Day 2: High-Low Track (AP C)

The challenge lab in day 1 ended up being an example of a “High-Low Track.” I didn’t plan this, but the conduit that I used for the long track bent under its own weight, causing it to be steeper at the beginning and less steep at the end. A team that used the iPhone Compass App to measure angle found that the angle ranged from 6 degrees at the beginning to 2 degrees at the end. Even with this, students were able to determine the time relatively accurately (many groups within 10%). The Challenge Lab HW from day 1 asked students to write about assumptions they made when solving the problem, which lead to a discussion of the angle.

Today, I asked students to predict how this bow in the track would affect the time it would take to reach the end. My wife had the idea of using the hot-wheel track anchors to create these high-low tracks in my classroom. Here’s what it looked like:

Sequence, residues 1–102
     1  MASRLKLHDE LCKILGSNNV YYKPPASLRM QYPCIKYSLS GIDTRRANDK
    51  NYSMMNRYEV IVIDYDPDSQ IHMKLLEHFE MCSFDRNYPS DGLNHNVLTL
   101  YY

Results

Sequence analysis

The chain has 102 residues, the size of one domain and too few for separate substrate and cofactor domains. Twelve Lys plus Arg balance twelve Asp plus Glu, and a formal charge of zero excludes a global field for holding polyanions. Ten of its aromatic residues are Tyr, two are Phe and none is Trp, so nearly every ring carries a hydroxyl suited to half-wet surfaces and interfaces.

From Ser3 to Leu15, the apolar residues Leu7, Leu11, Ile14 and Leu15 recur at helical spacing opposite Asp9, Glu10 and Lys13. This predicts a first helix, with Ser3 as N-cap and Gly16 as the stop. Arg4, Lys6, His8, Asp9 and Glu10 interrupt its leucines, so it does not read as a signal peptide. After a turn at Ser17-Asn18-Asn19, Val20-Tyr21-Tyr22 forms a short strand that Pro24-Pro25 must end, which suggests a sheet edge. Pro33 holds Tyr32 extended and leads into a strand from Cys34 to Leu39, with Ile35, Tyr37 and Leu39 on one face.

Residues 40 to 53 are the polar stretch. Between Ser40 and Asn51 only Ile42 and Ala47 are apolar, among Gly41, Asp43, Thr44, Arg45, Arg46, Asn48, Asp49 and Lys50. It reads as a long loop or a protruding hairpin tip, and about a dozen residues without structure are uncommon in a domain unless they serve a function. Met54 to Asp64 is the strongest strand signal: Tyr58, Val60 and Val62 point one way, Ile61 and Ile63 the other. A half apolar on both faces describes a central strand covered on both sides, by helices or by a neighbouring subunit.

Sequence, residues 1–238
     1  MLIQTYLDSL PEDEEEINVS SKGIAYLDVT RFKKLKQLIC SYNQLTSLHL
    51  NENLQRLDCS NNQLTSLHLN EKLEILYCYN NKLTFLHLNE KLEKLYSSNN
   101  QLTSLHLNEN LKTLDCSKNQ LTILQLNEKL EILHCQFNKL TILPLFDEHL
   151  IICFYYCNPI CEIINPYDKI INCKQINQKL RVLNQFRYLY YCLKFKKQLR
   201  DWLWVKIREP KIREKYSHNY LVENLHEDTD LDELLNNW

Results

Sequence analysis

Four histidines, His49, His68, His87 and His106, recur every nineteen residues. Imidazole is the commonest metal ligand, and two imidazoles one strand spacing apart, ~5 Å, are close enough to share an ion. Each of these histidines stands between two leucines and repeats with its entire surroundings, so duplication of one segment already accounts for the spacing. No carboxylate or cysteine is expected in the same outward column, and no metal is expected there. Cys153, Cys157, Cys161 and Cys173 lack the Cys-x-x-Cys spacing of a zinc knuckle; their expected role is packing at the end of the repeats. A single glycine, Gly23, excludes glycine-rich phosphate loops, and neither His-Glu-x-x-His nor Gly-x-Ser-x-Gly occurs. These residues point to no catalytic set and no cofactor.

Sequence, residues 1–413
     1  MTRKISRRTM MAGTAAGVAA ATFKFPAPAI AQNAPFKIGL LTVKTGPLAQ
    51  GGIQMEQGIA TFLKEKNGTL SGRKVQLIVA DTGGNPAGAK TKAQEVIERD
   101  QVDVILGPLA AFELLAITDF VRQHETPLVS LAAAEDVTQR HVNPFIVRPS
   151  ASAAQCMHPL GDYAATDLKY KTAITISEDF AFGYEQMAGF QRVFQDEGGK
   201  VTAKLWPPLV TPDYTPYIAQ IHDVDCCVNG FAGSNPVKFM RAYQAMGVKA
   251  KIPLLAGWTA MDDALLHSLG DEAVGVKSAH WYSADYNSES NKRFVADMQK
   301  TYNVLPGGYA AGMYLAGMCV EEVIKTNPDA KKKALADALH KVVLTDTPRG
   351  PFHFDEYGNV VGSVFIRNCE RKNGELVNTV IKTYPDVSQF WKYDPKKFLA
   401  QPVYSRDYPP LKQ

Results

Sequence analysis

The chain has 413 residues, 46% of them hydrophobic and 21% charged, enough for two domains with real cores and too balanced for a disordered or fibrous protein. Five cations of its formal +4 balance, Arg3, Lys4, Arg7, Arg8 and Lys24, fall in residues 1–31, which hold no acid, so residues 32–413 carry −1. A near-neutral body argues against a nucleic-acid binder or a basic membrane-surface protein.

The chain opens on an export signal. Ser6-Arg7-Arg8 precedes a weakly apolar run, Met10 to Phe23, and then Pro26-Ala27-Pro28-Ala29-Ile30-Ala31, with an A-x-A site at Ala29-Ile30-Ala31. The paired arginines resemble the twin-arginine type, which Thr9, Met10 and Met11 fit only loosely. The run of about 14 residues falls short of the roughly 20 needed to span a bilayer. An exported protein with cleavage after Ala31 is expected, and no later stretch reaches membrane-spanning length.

Both tracks have the same total horizontal and vertical displacement. The bottom track is slightly longer than the top. Question #1 was “Which Hot Wheel car will reach the bottom first (if either)?” This lead to a great discussion, I wish I had taken pictures of the graphs that students drew to explain their reasoning. Most thought it would be a tie. Question #2 was “How will their speed at the bottom compare?” Most students correctly predicted the answer to the second question. We used the BeeSpi photogates and hot wheel anchors with photogate mount (my design) to measure the speeds. An average of 2.05 seconds for the top track, and 2.03 for the bottom.

2 thoughts on “Day 2: High-Low Track (AP C)

    1. Hi Marta! Sorry for the slow reply. I designed and 3D printed these anchors. If you have access to a 3D printer, I am happy to share the “.stl” files. This started as a project for my son’s room, and ended up being something I am using in class.

      Liked by 1 person

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